Some critics question the efficacy of games, but in this case, it is not their opinion but those of the silent sufferers that matter. We need all kinds of tools because everyone is different and has different needs at different times. Some people need to know that they are not alone (Depression Quest). Some are ready to try an established treatment method like Cognitive Behavioral Therapy (SPARX) while others want  some do-it-yourself tools (SuperBetter). Still others are more in need of inspiration and beauty, and for them, artsy games like Journey, Ico, and Okami fit the bill. It doesn’t hurt to have something fun to look forward to after a long day. Robin Williams was an avid gamer who loved The Legend of Zelda, World of Warcraft (WoW), and first person shooters. It’s quite possible that playing these games helped him to make it through some rough patches as much as any medication or therapy did.

We’ve talked about the good, and as promised, it time to talk about the bad and the ugly. Games have a dark side, and if you talk to gamers (not game advocates), they’ll tell you too. It wasn’t dubbed “World of Warcrack” for nothing. Games can be addictive, but so can exercise, food, drugs, sex, and even war (as depicted in The Hurt Locker). The brain is a dope(amine) fiend and will take all the pleasure and rewards you give it, to the point of frying itself. Eventually, you’ll need more and more stimulus for less and less pleasure. It’s the law of diminishing returns. You may even get to the point where you’re bored with life and spend all of your time in-game or thinking about the game. A recent study even suggests that games may impact your subconscious as some gamers continue to hear sounds such as explosions and screams after they’ve stopped playing.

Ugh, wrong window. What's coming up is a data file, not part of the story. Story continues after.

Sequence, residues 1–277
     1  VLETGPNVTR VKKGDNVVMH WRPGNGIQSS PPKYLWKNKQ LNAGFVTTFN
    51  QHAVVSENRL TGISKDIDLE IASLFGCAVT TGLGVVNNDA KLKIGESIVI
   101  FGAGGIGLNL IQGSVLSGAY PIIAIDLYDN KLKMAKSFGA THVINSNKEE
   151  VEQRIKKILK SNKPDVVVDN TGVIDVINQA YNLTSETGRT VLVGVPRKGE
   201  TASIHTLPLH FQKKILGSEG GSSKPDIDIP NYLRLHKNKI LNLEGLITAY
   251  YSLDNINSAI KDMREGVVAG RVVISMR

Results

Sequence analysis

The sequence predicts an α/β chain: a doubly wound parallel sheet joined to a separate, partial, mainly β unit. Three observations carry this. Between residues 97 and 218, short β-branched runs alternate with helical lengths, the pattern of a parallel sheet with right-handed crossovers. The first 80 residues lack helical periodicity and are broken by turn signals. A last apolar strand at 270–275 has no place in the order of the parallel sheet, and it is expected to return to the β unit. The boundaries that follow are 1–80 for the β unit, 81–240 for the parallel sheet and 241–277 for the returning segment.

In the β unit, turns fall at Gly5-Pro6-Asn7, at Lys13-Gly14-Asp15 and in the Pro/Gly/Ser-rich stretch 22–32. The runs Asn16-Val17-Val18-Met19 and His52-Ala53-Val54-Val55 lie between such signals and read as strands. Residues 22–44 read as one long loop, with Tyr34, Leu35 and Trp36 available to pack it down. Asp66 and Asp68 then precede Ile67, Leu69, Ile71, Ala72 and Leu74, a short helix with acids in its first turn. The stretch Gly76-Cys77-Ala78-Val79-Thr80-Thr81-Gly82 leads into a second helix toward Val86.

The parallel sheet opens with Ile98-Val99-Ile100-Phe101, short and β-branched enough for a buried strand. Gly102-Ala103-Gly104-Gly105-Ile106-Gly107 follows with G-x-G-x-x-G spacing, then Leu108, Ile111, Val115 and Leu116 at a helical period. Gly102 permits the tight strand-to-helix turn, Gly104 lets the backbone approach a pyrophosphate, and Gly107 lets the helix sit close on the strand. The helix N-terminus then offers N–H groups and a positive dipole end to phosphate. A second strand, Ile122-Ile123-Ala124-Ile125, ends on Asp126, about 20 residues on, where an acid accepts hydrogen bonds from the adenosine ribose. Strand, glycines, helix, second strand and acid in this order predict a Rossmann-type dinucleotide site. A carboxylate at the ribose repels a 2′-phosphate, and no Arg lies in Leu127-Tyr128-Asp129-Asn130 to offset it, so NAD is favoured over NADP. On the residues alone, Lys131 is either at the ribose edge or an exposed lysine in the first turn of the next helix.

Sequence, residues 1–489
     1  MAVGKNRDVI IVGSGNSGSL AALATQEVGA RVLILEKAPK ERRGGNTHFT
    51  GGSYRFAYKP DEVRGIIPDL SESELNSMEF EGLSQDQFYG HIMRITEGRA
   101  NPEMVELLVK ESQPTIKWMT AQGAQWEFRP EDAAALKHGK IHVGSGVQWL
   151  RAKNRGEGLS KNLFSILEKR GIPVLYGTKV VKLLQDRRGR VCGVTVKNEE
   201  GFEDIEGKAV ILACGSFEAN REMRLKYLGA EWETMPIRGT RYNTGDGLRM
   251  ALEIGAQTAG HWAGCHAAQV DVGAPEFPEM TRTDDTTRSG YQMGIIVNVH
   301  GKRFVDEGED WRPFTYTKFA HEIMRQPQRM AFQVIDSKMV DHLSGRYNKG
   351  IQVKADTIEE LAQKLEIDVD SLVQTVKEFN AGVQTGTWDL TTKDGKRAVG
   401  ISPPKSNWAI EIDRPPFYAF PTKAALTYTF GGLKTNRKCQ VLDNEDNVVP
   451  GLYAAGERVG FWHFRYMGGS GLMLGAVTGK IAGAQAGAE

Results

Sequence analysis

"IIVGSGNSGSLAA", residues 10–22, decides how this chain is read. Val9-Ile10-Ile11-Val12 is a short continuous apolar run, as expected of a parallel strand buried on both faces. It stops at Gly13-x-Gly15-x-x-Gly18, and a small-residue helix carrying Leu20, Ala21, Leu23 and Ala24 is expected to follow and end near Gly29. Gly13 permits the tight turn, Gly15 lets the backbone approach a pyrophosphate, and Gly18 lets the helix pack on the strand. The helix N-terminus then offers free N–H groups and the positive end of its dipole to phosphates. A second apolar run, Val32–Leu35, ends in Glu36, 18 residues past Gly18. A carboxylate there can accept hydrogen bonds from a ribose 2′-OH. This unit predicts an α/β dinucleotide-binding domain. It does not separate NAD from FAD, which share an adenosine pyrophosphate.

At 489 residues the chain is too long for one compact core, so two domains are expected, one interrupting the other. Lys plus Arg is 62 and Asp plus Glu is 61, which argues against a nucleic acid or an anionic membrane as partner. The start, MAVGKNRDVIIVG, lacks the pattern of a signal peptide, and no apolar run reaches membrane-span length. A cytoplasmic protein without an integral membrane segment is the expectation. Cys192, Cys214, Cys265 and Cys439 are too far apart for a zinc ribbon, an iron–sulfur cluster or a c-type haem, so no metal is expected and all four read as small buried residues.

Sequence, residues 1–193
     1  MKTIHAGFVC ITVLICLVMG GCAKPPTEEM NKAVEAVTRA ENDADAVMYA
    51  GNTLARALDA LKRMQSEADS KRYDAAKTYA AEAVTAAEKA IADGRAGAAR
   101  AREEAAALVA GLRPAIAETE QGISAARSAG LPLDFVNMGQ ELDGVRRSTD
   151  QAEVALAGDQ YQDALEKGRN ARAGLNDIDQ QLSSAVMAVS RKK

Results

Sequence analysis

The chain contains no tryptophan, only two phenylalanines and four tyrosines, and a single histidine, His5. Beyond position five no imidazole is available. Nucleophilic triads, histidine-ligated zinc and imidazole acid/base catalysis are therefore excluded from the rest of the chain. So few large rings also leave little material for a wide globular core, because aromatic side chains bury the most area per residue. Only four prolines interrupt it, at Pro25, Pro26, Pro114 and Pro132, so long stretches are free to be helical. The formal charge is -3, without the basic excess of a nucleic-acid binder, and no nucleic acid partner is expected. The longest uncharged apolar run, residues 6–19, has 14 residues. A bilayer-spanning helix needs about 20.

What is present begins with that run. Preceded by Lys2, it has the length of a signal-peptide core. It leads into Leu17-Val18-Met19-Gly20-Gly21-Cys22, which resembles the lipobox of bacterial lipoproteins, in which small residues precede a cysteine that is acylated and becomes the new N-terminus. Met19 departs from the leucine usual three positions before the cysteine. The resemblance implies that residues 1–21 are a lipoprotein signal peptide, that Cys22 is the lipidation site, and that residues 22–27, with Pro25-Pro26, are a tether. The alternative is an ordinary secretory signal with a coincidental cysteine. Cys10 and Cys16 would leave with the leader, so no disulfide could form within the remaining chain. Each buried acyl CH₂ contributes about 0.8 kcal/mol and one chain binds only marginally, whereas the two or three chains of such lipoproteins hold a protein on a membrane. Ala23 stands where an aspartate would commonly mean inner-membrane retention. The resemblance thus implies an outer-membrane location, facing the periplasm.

You don’t need to be addicted to games to feel somewhat down after playing them. It’s like watching color TV and then trying to go back to black-and-white. Life moves much more slowly than a game, and there aren’t always rewards for doing things. To me, this is the most concerning aspect of games. The other criticisms leveled against games could be said of all technology and media. Game can paradoxically be social and alienating at the same time, the stereotype being a person sitting in a darkened room, staring at a glowing screen while playing online with people s/he either doesn’t know or knows but has never met in real life. This is bad for your eyes, your body, your sleep, etc.  Well, this can also be true of watching TV, texting instead of talking to people, surfing the Internet nonstop, etc.

So what’s the answer? Are games good are bad? That depends on the user and the circumstances, like for all tools. The very games that Robin Williams played could have helped him out of a jam one day and deepened his hole the next. “That’s not an answer,” you say. Not the answer you want, perhaps, but it’s the truth. The truth is rarely simple, and we as a society often get into trouble for oversimplifying things. A hammer can be used to build a house or to whack your neighbor. Just because someone chooses to do the latter, should we ban all hammers?

Want a better answer? How about this:

AnswerThat you are here—that life exists and identity, That the powerful play goes on, and you may contribute a verse…What will your verse be?

Robin Williams has contributed some fine verses. Ours are still being written. Let’s stop finding faults in our tools and start taking responsibility for our own lives. Let’s build the character and life skills necessary to survive–nay, to thrive. The best way we can honor his memory is to live to the best of our abilities.

RIP Robin Williams.